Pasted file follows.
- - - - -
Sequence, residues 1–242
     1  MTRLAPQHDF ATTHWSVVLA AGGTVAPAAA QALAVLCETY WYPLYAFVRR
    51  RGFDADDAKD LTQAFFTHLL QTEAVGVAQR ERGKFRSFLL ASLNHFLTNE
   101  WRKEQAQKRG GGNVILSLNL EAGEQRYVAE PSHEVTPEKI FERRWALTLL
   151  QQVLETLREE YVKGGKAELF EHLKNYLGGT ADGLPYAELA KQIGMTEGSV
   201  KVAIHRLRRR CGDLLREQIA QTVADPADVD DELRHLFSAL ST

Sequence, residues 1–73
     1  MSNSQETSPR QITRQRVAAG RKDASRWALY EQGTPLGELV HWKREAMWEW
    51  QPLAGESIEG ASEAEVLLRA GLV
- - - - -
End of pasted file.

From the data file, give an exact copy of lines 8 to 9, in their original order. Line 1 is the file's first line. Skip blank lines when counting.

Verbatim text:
     1  MSNSQETSPR QITRQRVAAG RKDASRWALY EQGTPLGELV HWKREAMWEW
    51  QPLAGESIEG ASEAEVLLRA GLV